It has been said that a more informed electorate cures many of these seemingly impenetrable “political ills.” The outlook on that rainbow is murky. Only death was able to unseat some of the most entrenched career politicians. Senator Robert Byrd, Democrat, W.VA., longest serving Senator in history, occupied his seat for 51 years. He died in 2009 at the age of 92. Byrd never met a tax hike or government entitlement program he didn’t like, while wielding their liberal spending influence with negligible challenge in their districts. GOP members aren’t spend-thrifts either. Those who speculated his friends would have to carry John McCain out of the Senate chambers were right. 78 year old, Maxine Waters, House member since 1990, net worth is estimated at $5 million. The LA Times, in 2004, reported her relatives made over $1 million by doing business with her cronies.

   Syndicated columnist, George Will, in his 1992 book, Restoration: Congress, Term Limits and the Recovery of Deliberate Democracy, noted our founders understood what was and wasn’t federal responsibility, unlike our career politicians. He described our current dilemma, “Once you loose the sense that not everything is the federal governments business, the flood gates are down, and everything in American life becomes fair game for career politicians to use the federal government’s omnipresent, omniprovident role to bolster their careers.”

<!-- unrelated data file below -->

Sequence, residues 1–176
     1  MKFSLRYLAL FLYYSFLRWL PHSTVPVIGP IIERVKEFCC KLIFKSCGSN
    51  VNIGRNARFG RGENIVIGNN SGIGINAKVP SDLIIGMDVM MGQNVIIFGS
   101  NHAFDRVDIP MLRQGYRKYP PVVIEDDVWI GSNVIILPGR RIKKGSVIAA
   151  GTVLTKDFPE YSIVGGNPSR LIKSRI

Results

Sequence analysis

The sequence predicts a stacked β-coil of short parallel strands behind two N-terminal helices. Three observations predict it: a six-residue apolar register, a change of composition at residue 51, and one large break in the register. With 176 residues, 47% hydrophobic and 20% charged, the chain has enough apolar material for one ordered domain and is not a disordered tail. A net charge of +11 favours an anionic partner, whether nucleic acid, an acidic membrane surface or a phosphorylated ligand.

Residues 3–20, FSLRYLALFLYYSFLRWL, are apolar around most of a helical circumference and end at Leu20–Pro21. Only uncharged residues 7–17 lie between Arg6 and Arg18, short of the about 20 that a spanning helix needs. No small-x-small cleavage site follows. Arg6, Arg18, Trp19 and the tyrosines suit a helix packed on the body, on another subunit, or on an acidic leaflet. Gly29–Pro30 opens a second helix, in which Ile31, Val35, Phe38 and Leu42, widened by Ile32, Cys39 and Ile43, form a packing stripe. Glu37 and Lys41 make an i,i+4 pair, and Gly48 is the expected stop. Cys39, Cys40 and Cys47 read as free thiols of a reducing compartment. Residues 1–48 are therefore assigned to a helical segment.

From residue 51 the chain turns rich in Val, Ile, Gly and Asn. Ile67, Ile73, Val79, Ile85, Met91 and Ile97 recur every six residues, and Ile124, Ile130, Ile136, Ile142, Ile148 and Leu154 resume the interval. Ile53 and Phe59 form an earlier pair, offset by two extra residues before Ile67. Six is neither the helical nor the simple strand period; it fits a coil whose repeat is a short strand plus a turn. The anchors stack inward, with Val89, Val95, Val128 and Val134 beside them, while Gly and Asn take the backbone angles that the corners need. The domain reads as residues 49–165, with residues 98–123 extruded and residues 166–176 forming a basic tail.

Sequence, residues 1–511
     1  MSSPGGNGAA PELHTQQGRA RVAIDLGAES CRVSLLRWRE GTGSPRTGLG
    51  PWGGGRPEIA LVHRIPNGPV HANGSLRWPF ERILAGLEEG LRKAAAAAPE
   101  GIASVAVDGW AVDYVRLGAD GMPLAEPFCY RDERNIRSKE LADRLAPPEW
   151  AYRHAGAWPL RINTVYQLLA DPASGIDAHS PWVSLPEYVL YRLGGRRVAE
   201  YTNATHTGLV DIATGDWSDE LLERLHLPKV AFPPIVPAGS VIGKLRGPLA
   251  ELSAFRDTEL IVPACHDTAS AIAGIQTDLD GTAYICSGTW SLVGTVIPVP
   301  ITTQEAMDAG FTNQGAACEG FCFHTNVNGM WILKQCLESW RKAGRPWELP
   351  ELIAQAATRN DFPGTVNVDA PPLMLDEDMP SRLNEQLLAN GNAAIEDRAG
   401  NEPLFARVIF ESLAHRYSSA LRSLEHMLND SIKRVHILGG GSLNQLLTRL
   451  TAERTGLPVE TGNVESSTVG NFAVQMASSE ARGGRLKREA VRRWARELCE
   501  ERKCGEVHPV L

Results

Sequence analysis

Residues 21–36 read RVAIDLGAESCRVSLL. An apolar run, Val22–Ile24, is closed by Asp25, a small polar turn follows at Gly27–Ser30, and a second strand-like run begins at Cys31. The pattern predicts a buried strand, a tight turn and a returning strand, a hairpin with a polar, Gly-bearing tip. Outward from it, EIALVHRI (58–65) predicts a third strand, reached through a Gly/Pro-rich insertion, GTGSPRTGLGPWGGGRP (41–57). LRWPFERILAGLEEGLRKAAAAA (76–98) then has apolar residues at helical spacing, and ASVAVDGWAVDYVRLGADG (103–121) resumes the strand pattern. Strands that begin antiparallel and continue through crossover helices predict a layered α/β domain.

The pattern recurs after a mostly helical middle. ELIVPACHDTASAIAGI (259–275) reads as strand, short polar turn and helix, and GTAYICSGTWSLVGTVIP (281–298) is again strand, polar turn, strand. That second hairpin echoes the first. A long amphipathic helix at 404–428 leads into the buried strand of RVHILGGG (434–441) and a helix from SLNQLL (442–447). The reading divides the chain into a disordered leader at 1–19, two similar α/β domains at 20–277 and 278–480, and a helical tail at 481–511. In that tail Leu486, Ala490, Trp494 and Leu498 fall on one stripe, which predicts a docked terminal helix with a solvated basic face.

Rather than voters picking their representatives, through computerized gerrymandering and redistricting, politicians now pick their electorate. Most astute observers of politics know, though some are loathe to admit it, there’s a strong link between political campaign fundraising and congressional term limits. Political insiders craft rules to enhance their longevity. While many conservatives believe that “campaign contributors” should not forfeit their First Amendment speech rights, many counter that there is no constitutional right to bribery and extortion, which likely accounts for a portion of the money raised for campaigns.    

   Former Vice President, six term Senator, Joe Biden, was marketed in 2008 as “average Joe” when chosen as Obama’s running mate. He masqueraded as the mythical “friend of the underdog” while living the lifestyle of the consummate Washington insider, relaxed in his $3 million, custom made, lake front home in Delaware, paid for with generous help from wealthy bankers, executives and developers. A lifestyle of privilege that’s anything but average. It was President Ronald Reagan who quipped, “Politics is suppose to be the second oldest profession. I have come to realize it bears a very close resemblance to the first.” Perhaps Nevada voters were on to something electing deceased Brothel owner Dennis Hof to the state assembly. They’ll not have to pry him out of that seat.

   To be clear, money isn’t the villain. Often misquoted, the Scriptures clarify, “For the love of money is the root of all evil.” That “love” drives legions of career politicians “to serve.” Late 18th Century lawmakers were glad to get out of living in a congested rooming house in smelly, disgusting cities. Other than junkets and vacations, it’ll take a dozer, major scandal, or death to pry the political malingerers from those seats. Let’s make them temporary-no benefits! What do you think?

Mike Pyatt’s a Natrona County resident. Get in touch with Mike.